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February 19, 1987 - Image 3

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The Michigan Daily, 1987-02-19

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The Michigan Daily - Thursday, February 19, 1987 -Page 3

MSU tops 'U' in Rhodes scholars

i

By MELISSA RAMSDELL
Despite the cheers of "Moo-U"
and "That's all right, that's okay,
you'll all work for us someday,"
Michigan State University does
outshine the University of Mich-
igan in one area - its high number
of Rhodes Scholars.
The Rhodes Scholarship is
awarded to 32 highly qualified
college seniors from the U.S. each
year. It covers tuition and living
expenses for two years of study at
Oxford University in England. ,
"Michigan State has done better
than any other school in the state
and as well or better than any other
in the U.S.," said David Staiger,
secretary for the State Selection
Committee. Staiger added that,
"Michigan has begun to do a much
better job in the past few years."
THIS YEAR, however,
neither a Spartan nor a Wolverine
will be a Rhodes Scholar. The only
Michigander going to England this
summer is a Hope College student.
MSU's generally outstanding
success rate in the Rhodes compe-
tition results from a well-developed
program which grooms their
candidates.
MSU offers substantial scho-
larship funds to bring some of the
best high school graduates to its
honors program. A winning record
in the Rhodes competition is an
added attraction to such recruits.
"We try to encourage top-flight
students to come here. We try to
put them through a good program
where they can take full advantage
of the University's resources with
ample opportunity to develop

individual interests," said Donald
Lammers, MSU's coordinator for
senior scholarships.
Promising students pick from a
large array of honors courses and are
offered many options for inde-
pendent study and research with
individual faculty members. They
also develop a close relationship
with an honors faculty advisor.
Staiger said Michigan State's
letters of recommendation are very
good because "the faculty seemed to
know the candidates well."
MSU Rhodes candidate Connel
Fullenkamp said the college's
honors program "gets you into
classes where you have a better
opportunity to show what you can

Piranian, a former Rhodes
Scholar, described his time at Ox-
ford as "a glorious two years."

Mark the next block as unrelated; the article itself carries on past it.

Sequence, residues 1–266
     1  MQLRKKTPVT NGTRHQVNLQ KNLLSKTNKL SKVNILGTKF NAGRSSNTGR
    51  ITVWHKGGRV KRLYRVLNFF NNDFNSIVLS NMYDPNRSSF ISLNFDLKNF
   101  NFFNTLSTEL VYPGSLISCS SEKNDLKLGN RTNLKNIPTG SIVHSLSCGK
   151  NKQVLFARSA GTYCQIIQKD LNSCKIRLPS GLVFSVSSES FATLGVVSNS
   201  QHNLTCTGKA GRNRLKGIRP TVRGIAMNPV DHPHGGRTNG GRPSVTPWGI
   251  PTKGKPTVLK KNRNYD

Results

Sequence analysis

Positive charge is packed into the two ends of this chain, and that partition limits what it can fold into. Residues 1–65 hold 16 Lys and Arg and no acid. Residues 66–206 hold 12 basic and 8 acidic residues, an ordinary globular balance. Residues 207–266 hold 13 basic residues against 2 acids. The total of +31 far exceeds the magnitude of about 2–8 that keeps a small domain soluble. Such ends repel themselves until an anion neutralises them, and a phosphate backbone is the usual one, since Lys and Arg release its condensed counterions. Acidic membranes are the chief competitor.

Piranian and his staff screen
potential applicants with a cut-off
point of a 3.7 grade point average,
and 1,600 students from each of the
four classes are sent an infor-
mational letter in the spring en-
couraging them to stop by the
honors office for further details.
The application process for a
Rhodes scholarship begins with the
endorsement of the University in
September of senior year. Potential
candidates must bring a list of
extracurricular activities, a copy of
their transcript, five to eight letters
of recommendation, and a 1,000-.

You have to sweat bullets over the personal statement
to get your foot in the door.
- Connel Fullenkamp, MSU Rhodes candidate

The criteria set by the Rhodes
Trustees by which the candidates are
judged include: literary and scho-
lastic attainments; fondness and
success in sports; truth, courage,
devotion to duty, sympathy for and
protection of the weak; kindliness,
unselfishness, and fellowship; and
moral force of character and in-
stincts to lead.
THE RHODES TRUST also
stated that involvement in varsity
sports is not a requirement but that
applicants should participate in
athletic activity.
"For those who seek to exercise
leadership, a pear-shaped torso or a
cement sack bulging above the belt
could be a severe hindrance,"
Piranian wrote on an information
sheet.
Many say the personal essay is
the most important part of the
process. MSU Rhodes candidate
Fullenkamp worked on his essay
for months - from August to
October - making many revisions.
"You have to sweat bullets over
the personal statement to get your
foot in the door," said Fullenkamp.
Others stress the importance of